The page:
My name is Alice, I’m 27 years old and live in Meltham. I’d love to share my story with you.

Life has not always been the easiest for me. You see, I have undiagnosed autism as well as cerebral palsy. However, thanks to a Huddersfield company, I was reminded that, no matter what difficulties you may face, magic is real.

I’m undiagnosed because I had really bad experience in 2019. I got a diagnostic assessment and scored really highly on all the tests, but at the last appointment they said they weren’t going to give me a diagnosis.

They said that was because my cerebral palsy made it difficult to socialise anyway (not true) and sent me away with a leaflet for social prescribing, regardless of what I’d showcased during the assessment.

I want to keep fighting for a diagnosis, but since this was in 2019 Covid-19 happened shortly after and I haven’t been able to go back since. However, because I was suffering so much me and my family decided to make the relevant accommodations at home, and now I’m much happier.

The Disney film Frozen is my special interest, because it’s all about a girl with unique abilities realising that what makes her different and sometimes ostracised is actually what makes her powerful.

And on Sunday July 24, thanks to Huddersfield-based company Perfectly Princess Events, I finally got to meet the snow queen herself!

We sang and read stories together whilst she painted snowflakes on my cheeks and giggled over our matching outfits!

We talked about how her going to find the answers about her powers was like me still trying to get my autism diagnosis, and how it’s okay to be yourself regardless of what others say.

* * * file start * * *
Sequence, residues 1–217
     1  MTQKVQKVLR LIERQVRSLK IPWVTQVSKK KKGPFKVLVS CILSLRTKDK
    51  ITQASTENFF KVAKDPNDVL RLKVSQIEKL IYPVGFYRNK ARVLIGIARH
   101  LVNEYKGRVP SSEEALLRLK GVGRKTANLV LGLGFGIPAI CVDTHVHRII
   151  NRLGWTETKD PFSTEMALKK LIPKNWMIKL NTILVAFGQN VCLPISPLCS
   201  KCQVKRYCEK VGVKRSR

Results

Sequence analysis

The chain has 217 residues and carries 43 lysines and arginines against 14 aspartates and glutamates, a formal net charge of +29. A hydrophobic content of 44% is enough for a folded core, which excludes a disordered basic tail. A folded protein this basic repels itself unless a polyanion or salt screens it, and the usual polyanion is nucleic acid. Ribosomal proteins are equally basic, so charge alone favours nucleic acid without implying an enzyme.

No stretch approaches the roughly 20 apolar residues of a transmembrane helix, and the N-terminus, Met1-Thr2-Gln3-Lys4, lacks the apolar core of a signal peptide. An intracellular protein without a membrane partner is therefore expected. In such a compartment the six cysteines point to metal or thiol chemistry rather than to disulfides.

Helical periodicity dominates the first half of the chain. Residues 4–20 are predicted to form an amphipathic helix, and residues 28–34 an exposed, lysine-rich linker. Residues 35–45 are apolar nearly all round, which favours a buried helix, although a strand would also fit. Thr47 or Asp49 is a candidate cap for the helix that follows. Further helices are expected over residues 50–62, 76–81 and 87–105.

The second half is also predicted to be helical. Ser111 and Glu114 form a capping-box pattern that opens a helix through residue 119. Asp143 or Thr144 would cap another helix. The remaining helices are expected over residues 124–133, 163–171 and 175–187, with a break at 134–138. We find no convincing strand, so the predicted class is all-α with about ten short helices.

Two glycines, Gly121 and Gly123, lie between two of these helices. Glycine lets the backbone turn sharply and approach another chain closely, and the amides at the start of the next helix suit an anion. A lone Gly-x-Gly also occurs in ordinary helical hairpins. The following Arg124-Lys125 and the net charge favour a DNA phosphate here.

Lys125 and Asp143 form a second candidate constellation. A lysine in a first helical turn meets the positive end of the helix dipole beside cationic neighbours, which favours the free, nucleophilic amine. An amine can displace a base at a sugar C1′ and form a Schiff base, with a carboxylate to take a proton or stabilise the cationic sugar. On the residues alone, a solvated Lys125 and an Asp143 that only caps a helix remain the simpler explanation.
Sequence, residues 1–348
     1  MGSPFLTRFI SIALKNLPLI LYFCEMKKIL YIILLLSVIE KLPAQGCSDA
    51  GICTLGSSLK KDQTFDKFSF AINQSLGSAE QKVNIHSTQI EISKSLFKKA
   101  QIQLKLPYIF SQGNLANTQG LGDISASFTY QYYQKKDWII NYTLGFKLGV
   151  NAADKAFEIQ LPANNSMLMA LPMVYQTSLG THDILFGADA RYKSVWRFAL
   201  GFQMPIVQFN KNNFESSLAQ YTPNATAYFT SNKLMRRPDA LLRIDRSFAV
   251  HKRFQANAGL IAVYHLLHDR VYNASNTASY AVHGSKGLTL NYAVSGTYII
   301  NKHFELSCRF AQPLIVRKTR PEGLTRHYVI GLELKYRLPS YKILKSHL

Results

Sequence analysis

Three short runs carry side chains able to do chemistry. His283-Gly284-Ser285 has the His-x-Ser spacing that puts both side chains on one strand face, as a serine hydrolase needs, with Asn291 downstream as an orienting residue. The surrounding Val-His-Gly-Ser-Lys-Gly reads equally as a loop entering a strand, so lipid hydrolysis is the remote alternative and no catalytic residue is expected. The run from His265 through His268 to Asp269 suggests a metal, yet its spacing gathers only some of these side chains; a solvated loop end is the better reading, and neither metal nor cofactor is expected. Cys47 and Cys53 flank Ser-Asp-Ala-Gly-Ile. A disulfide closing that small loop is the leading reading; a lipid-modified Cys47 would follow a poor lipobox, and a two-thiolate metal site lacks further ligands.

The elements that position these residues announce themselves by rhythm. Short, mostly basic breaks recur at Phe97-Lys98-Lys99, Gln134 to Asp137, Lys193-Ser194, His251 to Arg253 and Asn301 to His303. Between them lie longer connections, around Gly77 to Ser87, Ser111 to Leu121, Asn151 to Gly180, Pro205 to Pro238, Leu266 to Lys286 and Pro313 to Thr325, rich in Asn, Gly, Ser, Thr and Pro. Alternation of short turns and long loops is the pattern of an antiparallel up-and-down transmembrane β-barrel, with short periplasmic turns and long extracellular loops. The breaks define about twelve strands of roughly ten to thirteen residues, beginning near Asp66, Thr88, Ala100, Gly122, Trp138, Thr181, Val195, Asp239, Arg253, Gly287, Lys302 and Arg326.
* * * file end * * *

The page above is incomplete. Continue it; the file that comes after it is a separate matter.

I told her I didn’t have a best friend and she said that was okay because she was my best friend now. I gave her a friendship bracelet that splits in half (we each have a side) and she put a snowflake she made herself onto a necklace for me!

I shared my experience in some of my favourite Facebook and Reddit groups, and together, the posts have amassed 7,976 likes and more are pouring in.

It’s so great to be able to spread joy like this, and I want to be able to spread it a little further. I was talking to a member of one of the groups and he said that, as an autistic man, he was afraid to be himself because of what people would think, that they would mock.

It made me realise that due to a lack of acceptance and diagnoses (especially for girls) so many autistic people are suffering in silence.

I’d like to bring awareness to that, and highlight that although there are flaws in the diagnostic process, we need to be brave and show the world who we truly are.

Regardless of our differences, we are all worthy of equality, love and acceptance, and we shouldn’t have to conceal our true selves for fear of society’s judgement. It’s time to let it go.